Unsparingly inventive, ceaselessly creative and energetic in all of the musical senses, Yeasayer are making a very welcome return. A band that has taken their self-proclaimed ”Middle Eastern-psych-snap-gospel” and infused it with hints of influences as wide and wild as Italo disco and contemporary UK R’n'B, Chris Keating, Ira Wolf Tuton and Anand Wilder are taking the term ‘new technology’ and moulding it into a shape that fits pristinely into the Yeasayer jigsaw. Charismatic, “caffeinated” and on the cusp of releasing their third album, we catch up with the Brooklyn band’s guitarist Anand Wilder to discover the method of invention that led to the band’s exceptional third album, Fragrant World.
When we speak to Anand, Yeasayer have just released an announcement on their website informing their loyal following that their new songs are readily available to hear on the Internet, all they have to do is to track them down. “Yeah, it’s pretty cool! The Internet’s blowing up,” Anand comments of the band’s musical treasure trail. “The whole Internet thing poses some wonderful problems [for musicians], and it’s interesting to try to solve them. Although, there are some great advantages, where we can do these interesting things in lieu of traditional radio promotion or whatever it is.”
An inventive step in the battle against illegal uploads and downloads, the band strived to think of a way that fans could use the instant access element of the Internet to hear their music, in a way where the low quality of illegal uploads wouldn’t tarnish that sacred first listen of the album.
“We have these songs that we want to put out there, and obviously people can buy CDs but then there’s also this whole free downloading thing that goes on. So this is our way of preempting someone uploading a shitty version of one of our songs, by saying ‘OK, we’ve commissioned this artist Yoshi Sodeoka to create a visual for each song, for the debut of every song.’ We’d rather have people look at something that’s been crafted by an artist we really respect than just going to download sites, so this was just an interesting way of using the Internet to share our music with everybody.”
And the result? An entire album stream, accompanied by a stunning set of specially crafted visuals is now available to see and hear at the band’s YouTube Channel, ensuring that the fans’ first listen of Fragrant World is experienced exactly as the band intended it to be, cutting out any kind of middle man activity which could compromise the details of the music’s portrayal.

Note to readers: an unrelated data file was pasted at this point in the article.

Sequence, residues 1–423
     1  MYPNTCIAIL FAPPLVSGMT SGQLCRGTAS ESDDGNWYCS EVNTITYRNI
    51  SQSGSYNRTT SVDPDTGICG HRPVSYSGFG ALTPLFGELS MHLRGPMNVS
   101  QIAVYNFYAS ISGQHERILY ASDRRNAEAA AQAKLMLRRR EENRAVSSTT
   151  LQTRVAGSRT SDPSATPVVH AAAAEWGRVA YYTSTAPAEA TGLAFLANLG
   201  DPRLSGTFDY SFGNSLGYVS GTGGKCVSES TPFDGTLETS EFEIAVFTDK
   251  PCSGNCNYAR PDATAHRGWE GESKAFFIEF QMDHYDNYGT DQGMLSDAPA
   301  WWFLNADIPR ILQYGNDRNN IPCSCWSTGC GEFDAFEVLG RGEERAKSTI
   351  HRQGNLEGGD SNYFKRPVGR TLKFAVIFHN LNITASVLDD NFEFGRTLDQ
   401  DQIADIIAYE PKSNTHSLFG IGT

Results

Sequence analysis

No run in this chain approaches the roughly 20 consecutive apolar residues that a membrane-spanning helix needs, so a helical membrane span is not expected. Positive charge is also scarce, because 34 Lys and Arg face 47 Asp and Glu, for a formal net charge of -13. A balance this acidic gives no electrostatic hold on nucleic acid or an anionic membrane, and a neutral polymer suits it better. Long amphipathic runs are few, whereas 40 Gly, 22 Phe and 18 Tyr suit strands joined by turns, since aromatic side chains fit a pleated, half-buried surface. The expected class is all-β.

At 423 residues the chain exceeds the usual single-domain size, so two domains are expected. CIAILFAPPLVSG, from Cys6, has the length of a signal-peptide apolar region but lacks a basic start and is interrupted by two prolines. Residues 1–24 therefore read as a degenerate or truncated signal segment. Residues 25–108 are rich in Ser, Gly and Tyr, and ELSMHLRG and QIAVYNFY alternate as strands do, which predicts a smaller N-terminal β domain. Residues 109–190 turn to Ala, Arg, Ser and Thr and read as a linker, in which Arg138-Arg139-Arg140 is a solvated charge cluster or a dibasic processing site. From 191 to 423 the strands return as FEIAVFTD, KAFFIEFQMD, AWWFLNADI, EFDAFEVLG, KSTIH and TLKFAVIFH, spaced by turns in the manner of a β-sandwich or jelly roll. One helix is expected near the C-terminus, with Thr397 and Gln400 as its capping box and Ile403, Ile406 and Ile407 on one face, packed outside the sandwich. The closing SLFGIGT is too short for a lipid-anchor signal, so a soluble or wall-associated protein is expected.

“We just like to show appreciation to our fans,” Anand continues. “We live in this unique time where you can Tweet at someone. You can have a conversation with someone you’ve never met before, but we’re also somewhat detached – communicating through this weird, cold technology. But then we’re also kind of closer than we ever have been before. So it’s an interesting time we’re in right now. And we like to take advantage of all the benefits of this Internet technology.”
Fragrant World is the third record to appear from the New York band, following 2010′s Oddblood and 2007′s All Hour Cymbals. Extensive tours in support of these albums saw the collective travel the length and breadth of the world, bringing their unique musical creations, their seemingly boundless energy and their irresistible humour to fans worldwide, before the moment arose to return to the motherland to start work on their newest musical creation.
“When you’re finished with touring, there’s a certain sense of relief where you’ve really expunged all of the material and you want to move onto something new,” Anand explains. “I like to refer to it as the ‘creativity cycle’, where you tour for a year and a half or whatever it is, and then that opens up your brain to want to be cloistered in a studio, experimenting with sound. And then once you’ve done that – and that’s generally a much shorter period of time [than touring] – then you really want to present your work to the world and have it be appreciated, or judged or critiqued or enjoyed, and to provide entertainment for people. So that’s the more manual labour side of it, the time we take to go out on the road and keep your chops up and your vocal chords limber.”
The latest record presents the work of a band who have harnessed the wisdom, spontaneity and skill that can only be garnered through extensive performance, and engineered it into eleven tracks of musical sublimity.
“I think we wanted to explore more abstract electronic music,” Anand states of the aim when creating the record. “And to allow ourselves to be experimental and less reigned in. The goal is always to make an album that you’d want to listen to yourself, but of course, by the time you’re through with it, you never want to have anything to do with it again – that’s the nature of recording!”